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Skaldic Poetry of the Scandinavian Middle Ages

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Eindr Lv 1I

Diana Whaley (ed.) 2012, ‘Eindriði Einarsson, Lausavísa 1’ in Diana Whaley (ed.), Poetry from the Kings’ Sagas 1: From Mythical Times to c. 1035. Skaldic Poetry of the Scandinavian Middle Ages 1. Turnhout: Brepols, p. 806.

Eindriði EinarssonLausavísa1

mundar ‘of the hand’

1. mund (noun f.): hand

kennings

Freyr fúra mundar
‘the Freyr of flames of the hand ’
   = MAN = Eindriði

flames of the hand → GOLD
the Freyr of the GOLD → MAN = Eindriði
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mundar ‘of the hand’

1. mund (noun f.): hand

kennings

Freyr fúra mundar
‘the Freyr of flames of the hand ’
   = MAN = Eindriði

flames of the hand → GOLD
the Freyr of the GOLD → MAN = Eindriði
Close

fúra ‘of flames’

fúrr (noun m.): fire

kennings

Freyr fúra mundar
‘the Freyr of flames of the hand ’
   = MAN = Eindriði

flames of the hand → GOLD
the Freyr of the GOLD → MAN = Eindriði
Close

fúra ‘of flames’

fúrr (noun m.): fire

kennings

Freyr fúra mundar
‘the Freyr of flames of the hand ’
   = MAN = Eindriði

flames of the hand → GOLD
the Freyr of the GOLD → MAN = Eindriði
Close

fátt ‘few’

3. fár (adj.; °compar. fǽrri/fárri(Mág² 11ˆ), superl. fǽstr): few

notes

[3] fátt it réttra ‘few things more true’: The phrase is grammatically sg. Kock (NN §2013; Skald) disputes the need for emendation, reading fátt it rétta. This would mean ‘few things [that are] true’, presumably referring to the speech of the accuser rather than the poet, but this seems unlikely given that the accuser is not introduced until the second helmingr.

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Freyr ‘the Freyr’

Freyr (noun m.): (a god)

kennings

Freyr fúra mundar
‘the Freyr of flames of the hand ’
   = MAN = Eindriði

flames of the hand → GOLD
the Freyr of the GOLD → MAN = Eindriði
Close

it ‘things’

2. inn (art.): the

notes

[3] fátt it réttra ‘few things more true’: The phrase is grammatically sg. Kock (NN §2013; Skald) disputes the need for emendation, reading fátt it rétta. This would mean ‘few things [that are] true’, presumably referring to the speech of the accuser rather than the poet, but this seems unlikely given that the accuser is not introduced until the second helmingr.

Close

réttra ‘more true’

3. réttr (adj.; °compar. -ari, superl. -astr): right, straight, direct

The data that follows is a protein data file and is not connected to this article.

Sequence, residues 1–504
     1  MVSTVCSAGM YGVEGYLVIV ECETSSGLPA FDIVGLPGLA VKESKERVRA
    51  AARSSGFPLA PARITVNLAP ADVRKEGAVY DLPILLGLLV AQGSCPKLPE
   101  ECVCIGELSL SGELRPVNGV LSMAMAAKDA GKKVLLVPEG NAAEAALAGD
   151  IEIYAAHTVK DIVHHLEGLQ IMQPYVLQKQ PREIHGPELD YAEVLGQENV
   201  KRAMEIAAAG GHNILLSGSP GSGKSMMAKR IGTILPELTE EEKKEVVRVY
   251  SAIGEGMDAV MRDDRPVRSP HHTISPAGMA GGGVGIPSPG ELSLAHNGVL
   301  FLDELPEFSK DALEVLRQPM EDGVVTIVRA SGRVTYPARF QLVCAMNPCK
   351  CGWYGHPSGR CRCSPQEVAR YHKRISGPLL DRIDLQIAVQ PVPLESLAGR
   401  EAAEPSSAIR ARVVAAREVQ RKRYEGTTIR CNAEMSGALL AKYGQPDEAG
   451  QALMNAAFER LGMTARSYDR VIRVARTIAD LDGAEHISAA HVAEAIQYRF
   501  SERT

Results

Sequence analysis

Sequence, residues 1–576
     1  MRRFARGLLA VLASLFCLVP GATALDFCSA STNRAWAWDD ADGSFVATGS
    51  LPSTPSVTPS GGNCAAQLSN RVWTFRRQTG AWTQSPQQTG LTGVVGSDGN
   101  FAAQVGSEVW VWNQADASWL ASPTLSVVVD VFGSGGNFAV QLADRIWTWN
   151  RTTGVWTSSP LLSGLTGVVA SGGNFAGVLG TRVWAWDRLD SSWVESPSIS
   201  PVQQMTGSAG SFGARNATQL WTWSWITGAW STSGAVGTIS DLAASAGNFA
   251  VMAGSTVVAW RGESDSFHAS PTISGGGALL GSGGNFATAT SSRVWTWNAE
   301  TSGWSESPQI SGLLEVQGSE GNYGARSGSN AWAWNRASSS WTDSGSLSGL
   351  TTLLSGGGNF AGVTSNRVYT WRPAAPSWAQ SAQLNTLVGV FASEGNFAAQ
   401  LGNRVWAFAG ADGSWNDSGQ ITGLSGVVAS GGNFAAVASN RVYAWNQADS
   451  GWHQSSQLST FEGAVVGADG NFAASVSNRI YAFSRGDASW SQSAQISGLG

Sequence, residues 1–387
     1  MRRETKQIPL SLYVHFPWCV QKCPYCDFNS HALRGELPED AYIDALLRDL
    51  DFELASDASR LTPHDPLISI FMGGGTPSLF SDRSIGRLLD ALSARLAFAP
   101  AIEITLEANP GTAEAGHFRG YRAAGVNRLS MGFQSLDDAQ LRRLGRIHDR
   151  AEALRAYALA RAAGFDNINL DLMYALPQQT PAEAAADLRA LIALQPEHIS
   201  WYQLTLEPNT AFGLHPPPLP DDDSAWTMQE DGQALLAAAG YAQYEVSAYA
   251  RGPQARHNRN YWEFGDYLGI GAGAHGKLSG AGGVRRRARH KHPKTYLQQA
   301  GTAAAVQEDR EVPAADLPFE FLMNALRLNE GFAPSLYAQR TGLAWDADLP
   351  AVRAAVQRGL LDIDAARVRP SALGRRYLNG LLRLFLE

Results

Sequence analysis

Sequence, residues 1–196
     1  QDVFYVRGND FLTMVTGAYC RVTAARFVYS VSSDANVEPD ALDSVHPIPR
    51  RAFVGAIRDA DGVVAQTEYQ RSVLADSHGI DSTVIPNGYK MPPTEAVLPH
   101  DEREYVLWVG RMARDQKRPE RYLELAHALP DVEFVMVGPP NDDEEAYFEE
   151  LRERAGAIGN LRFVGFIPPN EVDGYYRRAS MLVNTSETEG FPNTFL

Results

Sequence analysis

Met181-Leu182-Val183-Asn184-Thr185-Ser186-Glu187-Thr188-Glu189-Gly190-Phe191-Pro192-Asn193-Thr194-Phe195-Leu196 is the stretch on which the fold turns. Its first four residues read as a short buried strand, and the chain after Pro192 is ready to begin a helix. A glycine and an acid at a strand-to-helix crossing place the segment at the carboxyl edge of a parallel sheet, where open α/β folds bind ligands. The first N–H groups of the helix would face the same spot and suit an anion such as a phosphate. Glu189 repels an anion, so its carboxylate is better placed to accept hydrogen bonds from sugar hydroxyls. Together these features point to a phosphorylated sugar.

[3] réttra: rétta Flat

notes

[3] fátt it réttra ‘few things more true’: The phrase is grammatically sg. Kock (NN §2013; Skald) disputes the need for emendation, reading fátt it rétta. This would mean ‘few things [that are] true’, presumably referring to the speech of the accuser rather than the poet, but this seems unlikely given that the accuser is not introduced until the second helmingr.

Close

allt ‘all’

allr (adj.): all

Close

varrar ‘the lips’

2. vǫrr (noun f.): lip

[4] varrar: ‘uarar’ Flat

Close

En ‘But may’

4. en (conj.): than

Close

kenna ‘to accuse’

kenna (verb): know, teach

Close

atgeirs ‘of the halberd’

atgeirr (noun m.; °-s, dat. -i/-; -ar): [halberd]

kennings

Baldr atgeirs,
‘the Baldr of the halberd ’
   = WARRIOR

the Baldr of the halberd → WARRIOR
Close

af ‘about’

af (prep.): from

Close

Baldr ‘the Baldr’

Baldr (noun m.): [Baldr, Baldur]

kennings

Baldr atgeirs,
‘the Baldr of the halberd ’
   = WARRIOR

the Baldr of the halberd → WARRIOR
Close

sjaldan ‘seldom’

sjaldan (adv.): seldom

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segi ‘speak’

segja (verb): say, tell

notes

[8] segi allvesall ‘may ... speak completely wretched’: I.e. ‘a curse on him and his words’. An alternative view of the syntax favoured by Kock (NN §2013; Skald) takes this as the intercalary. However, the remaining words of the helmingr then belong together, and the clause beginning sás ‘(the warrior) who’ becomes subject to the verb phrase mun þegja ‘will be silent’, making sjá ‘this man’ redundant.

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allvesall ‘completely wretched’

allvesall (adj.): very wretched

notes

[8] segi allvesall ‘may ... speak completely wretched’: I.e. ‘a curse on him and his words’. An alternative view of the syntax favoured by Kock (NN §2013; Skald) takes this as the intercalary. However, the remaining words of the helmingr then belong together, and the clause beginning sás ‘(the warrior) who’ becomes subject to the verb phrase mun þegja ‘will be silent’, making sjá ‘this man’ redundant.

Close

þegja ‘be silent’

þegja (verb): be silent

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Interactive view: tap on words in the text for notes and glosses

Eindriði spends three nights sheltering from a storm in a fishing hut with Sigríðr, daughter of the magnate Erlingr Skjálgsson. Returning her home to her father, Eindriði attempts to convince him that he has not dishonoured the woman or her kinsmen. After the stanza, it is told how he proves his honour through an ordeal of hot iron.

For another stanza referring to the irate father of a woman, see Stefnir Lv 2.

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